Today is the 12th, and it is quite wet! We too have been saturated with a wealth of information over the past few days.
I have now begun to understand the city space and orient myself properly. It is one city with many layers of history. I have seen old and new in artwork, architecture, streetscape, vegetation, and gardens. Despite this variety, a recognition amongst the entire urban space brings the city together around steel.
Some of the buildings of the university are designed to look like Bessemer Converters. There is artwork everywhere made of stainless steel, invented in Sheffield. Hundreds of historical buildings dot the landscape, the landscaping of the train station involves a steel water feature, and museums proudly display the heritage of the steel industry.
The high quality stainless steel cutlery, rail lines, and a variety of objects were so famous from Sheffield that the city itself became a synonym for high-quality steel. Trevor Hogan mentioned his grandparents treating their wedding present, a Sheffield dinner set, as so precious it was barely touched. The emphasis of the steel industry put Sheffield on the map, and then took it off again due to refusal to diversify.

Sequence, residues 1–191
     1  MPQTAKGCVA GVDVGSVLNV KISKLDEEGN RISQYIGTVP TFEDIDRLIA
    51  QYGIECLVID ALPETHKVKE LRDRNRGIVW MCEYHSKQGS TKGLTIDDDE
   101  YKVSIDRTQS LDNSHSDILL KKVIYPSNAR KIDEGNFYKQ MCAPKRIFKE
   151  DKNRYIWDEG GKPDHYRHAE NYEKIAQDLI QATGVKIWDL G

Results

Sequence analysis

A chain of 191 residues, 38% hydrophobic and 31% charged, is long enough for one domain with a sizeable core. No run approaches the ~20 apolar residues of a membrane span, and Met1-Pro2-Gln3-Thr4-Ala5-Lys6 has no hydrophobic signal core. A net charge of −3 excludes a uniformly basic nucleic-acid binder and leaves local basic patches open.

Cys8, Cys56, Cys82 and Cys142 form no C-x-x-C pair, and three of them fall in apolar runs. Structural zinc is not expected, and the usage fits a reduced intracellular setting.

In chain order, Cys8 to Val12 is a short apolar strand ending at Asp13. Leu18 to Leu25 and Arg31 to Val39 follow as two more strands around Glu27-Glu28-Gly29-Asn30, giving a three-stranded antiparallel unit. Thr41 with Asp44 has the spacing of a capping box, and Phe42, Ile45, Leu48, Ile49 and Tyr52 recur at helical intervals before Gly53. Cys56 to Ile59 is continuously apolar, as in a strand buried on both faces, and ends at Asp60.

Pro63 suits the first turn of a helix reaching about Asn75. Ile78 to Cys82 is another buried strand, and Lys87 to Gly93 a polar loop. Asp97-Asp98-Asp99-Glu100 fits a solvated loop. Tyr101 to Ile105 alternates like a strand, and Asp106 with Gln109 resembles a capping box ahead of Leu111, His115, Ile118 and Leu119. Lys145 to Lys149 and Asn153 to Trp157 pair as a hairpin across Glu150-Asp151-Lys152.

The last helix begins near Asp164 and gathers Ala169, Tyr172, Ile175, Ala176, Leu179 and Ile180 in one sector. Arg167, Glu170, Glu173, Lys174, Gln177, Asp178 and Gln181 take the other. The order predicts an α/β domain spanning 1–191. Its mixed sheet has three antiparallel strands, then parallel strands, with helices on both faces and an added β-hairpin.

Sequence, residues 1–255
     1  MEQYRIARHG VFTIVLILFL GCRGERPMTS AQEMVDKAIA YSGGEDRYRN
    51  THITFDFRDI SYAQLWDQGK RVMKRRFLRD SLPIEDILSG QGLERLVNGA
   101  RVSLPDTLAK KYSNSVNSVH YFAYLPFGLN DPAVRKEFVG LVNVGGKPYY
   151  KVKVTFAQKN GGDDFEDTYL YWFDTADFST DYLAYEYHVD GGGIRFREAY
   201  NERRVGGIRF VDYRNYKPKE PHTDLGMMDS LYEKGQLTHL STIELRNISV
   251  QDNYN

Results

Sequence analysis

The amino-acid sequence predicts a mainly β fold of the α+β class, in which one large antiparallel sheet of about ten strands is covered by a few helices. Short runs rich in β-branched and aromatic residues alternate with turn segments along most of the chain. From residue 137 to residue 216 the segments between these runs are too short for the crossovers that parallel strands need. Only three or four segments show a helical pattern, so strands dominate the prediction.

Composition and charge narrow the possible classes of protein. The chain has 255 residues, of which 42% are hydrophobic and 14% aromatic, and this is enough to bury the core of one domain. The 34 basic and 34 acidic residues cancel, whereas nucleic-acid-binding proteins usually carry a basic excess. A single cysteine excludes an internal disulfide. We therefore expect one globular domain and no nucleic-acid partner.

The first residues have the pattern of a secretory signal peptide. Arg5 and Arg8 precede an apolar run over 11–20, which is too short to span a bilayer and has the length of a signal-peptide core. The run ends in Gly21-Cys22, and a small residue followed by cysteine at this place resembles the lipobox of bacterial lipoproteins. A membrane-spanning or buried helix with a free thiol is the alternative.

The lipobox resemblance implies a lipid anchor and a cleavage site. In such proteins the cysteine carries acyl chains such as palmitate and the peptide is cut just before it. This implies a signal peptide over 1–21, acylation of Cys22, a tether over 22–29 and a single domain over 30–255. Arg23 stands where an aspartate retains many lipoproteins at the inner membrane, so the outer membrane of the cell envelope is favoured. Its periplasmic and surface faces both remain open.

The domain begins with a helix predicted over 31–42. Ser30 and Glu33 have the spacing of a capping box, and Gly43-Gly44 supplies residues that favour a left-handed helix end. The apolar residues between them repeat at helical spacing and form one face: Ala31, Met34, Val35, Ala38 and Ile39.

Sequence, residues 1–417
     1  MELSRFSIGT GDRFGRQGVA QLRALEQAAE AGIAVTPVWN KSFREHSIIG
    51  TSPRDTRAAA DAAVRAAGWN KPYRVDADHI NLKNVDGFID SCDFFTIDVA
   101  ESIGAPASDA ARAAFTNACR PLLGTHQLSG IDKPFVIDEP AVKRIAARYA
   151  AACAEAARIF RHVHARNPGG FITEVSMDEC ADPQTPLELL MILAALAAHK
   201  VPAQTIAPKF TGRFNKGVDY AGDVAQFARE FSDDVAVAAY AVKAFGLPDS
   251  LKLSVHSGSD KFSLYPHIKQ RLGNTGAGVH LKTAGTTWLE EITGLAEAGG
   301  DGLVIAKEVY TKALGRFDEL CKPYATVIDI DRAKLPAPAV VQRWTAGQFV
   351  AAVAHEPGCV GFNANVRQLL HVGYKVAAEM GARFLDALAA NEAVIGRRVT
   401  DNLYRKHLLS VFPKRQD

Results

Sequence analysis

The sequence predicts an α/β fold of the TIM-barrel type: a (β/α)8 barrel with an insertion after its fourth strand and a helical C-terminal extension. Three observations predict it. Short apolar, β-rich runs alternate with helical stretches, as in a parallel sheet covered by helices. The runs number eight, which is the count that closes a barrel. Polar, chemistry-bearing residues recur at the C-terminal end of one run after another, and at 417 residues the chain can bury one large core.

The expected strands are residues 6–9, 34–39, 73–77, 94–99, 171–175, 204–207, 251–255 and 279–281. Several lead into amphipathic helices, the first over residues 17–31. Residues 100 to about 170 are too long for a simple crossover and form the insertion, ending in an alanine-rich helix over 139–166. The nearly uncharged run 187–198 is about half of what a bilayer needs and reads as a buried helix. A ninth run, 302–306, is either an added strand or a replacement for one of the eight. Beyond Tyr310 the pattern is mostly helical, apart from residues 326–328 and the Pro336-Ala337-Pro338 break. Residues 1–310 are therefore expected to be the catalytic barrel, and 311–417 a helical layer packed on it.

Sheffield understates its heritage buildings immensely. None of the cathedrals or town halls and such are pointed out as places to see - not even the steel-related heritage, save the museum. The industrial area near Kelham is going through similar regeneration to the Melbourne waterfront, due to deindustrialisation of developed countries. But even the new in Sheffield is not celebrated as the Docklands development is in Melbourne. Sheffield seems to be rather blasé about what it means to be a twenty-first century city, and its success in adjusting has been quite understated. Perhaps it is time for Sheffielders to see themselves as innovators - all the facilities are here, including Britain's third largest university, an educated population, and a central location in Britain.
- Terence Bell (Bachelor of Urban, Rural and Environmental Planning)